Also, I think the idea of publishing a journal instead of blogging, tweeting, or just using your facebook page is very smart and sets the whole enterprise up on a great direction.


Honeycomb To Require Dual-Core Processor 177

adeelarshad82 writes "According to managing director of Korean consumer electronics firm Enspert, Google's new Android Honeycomb tablet OS will require a dual-core ARM Cortex-A9 processor to run properly. That means that many existing Android tablets will not be upgradeable to Honeycomb, as they lack the processor necessary to meet the spec. Currently, Nvidia's Tegra 2 platform is the only chipset in products on the market to include a Cortex-A9, although other manufacturers have said they're moving to the new processor architecture for 2011 products."
PC Games (Games)

Minecraft Reaches Beta Status, Price Goes Up 279

Eric writes "After over a year of development, Minecraft has hit Beta status today. Minecraft was developed for about a week before its public release on May 17, 2009. With the new milestone, the price of the game has increased to €14.95; when Minecraft moves beyond beta status, it will sell for €20.00. The beta is more focused on polish and content. The aim is to add proper modding support via a stable API, some kind of non-intrusive narrative to help drive the game experience early on, and a late-game goal. Updates will be less frequent, so as to make sure stability is maintained thanks to more extended testing. Despite this, there have already been two beta releases: client and server Beta 1.0 followed quickly by client 1.0_01."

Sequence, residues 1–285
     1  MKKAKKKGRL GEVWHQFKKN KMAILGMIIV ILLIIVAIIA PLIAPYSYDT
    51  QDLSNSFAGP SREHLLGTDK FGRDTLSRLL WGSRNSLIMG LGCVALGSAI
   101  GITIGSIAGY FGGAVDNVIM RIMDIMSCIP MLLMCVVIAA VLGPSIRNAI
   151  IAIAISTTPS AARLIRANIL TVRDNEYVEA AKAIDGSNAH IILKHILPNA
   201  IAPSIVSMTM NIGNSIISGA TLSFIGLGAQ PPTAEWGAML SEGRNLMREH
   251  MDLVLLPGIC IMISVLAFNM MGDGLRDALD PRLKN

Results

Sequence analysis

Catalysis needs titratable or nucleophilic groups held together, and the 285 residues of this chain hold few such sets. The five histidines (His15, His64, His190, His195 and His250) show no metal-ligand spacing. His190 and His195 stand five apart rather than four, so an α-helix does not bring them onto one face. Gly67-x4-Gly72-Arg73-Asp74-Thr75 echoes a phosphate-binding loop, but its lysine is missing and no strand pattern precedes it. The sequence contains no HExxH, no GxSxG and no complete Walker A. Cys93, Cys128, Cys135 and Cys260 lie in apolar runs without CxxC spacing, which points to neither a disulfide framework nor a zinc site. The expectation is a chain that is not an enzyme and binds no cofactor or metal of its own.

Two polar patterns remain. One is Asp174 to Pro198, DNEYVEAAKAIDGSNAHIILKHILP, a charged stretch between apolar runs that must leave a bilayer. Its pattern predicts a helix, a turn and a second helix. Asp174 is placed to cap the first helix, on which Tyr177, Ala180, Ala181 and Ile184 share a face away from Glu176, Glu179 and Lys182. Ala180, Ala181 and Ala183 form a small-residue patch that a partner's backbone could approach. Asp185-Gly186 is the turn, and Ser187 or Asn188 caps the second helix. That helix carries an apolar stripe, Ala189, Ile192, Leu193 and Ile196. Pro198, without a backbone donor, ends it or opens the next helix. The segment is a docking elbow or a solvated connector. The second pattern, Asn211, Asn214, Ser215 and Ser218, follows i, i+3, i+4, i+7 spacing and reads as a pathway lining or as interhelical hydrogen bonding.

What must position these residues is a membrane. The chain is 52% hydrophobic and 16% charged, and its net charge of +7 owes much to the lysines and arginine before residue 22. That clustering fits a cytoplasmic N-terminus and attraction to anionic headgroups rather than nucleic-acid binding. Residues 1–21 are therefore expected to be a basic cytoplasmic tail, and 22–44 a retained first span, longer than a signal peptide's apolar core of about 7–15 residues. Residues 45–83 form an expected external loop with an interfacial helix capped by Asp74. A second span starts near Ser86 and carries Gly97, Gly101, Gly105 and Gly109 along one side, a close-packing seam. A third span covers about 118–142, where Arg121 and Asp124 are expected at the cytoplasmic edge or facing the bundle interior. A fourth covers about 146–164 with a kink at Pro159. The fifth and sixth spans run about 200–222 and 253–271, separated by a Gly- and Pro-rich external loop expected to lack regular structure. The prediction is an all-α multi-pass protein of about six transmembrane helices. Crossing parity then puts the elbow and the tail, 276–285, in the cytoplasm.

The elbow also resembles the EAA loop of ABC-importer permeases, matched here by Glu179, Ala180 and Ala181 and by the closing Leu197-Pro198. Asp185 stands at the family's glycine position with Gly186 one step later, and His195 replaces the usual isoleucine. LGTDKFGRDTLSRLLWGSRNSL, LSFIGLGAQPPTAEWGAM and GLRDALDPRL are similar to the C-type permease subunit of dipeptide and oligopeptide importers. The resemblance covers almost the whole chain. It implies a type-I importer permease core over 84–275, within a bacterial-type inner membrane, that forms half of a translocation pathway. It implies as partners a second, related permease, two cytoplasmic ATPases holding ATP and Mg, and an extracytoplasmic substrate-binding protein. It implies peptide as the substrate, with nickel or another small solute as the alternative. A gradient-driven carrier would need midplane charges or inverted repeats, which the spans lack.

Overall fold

Corporations Hiring Hooky Hunters 610

No longer satisfied with your crinkled doctor's note, a growing number of corporations are hiring "Hooky Detectives." Private investigator Rick Raymond says he's staked out bowling alleys, pro football games, weddings and even funerals looking for people using sick days. From the article: "Such techniques have become permissible at a time when workers are more likely to play hooky. Kronos, a workforce productivity firm in Chelmsford, Mass., recently found that 57 percent of salaried employees take sick days when they're not sick — almost a 20 percent increase from statistics gathered between 2006 and 2008."

200 Students Admit Cheating After Professor's Online Rant 693

Over 200 University of Central Florida students admitted to cheating on a midterm exam after their professor figured out at least a third of his class had cheated. In a lecture posted on YouTube, Professor Richard Quinn told the students that he had done a statistical analysis of the grades and was using other methods to identify the cheats, but instead of turning the list over to the university authorities he offered the following deal: "I don't want to have to explain to your parents why you didn't graduate, so I went to the Dean and I made a deal. The deal is you can either wait it out and hope that we don't identify you, or you can identify yourself to your lab instructor and you can complete the rest of the course and the grade you get in the course is the grade you earned in the course."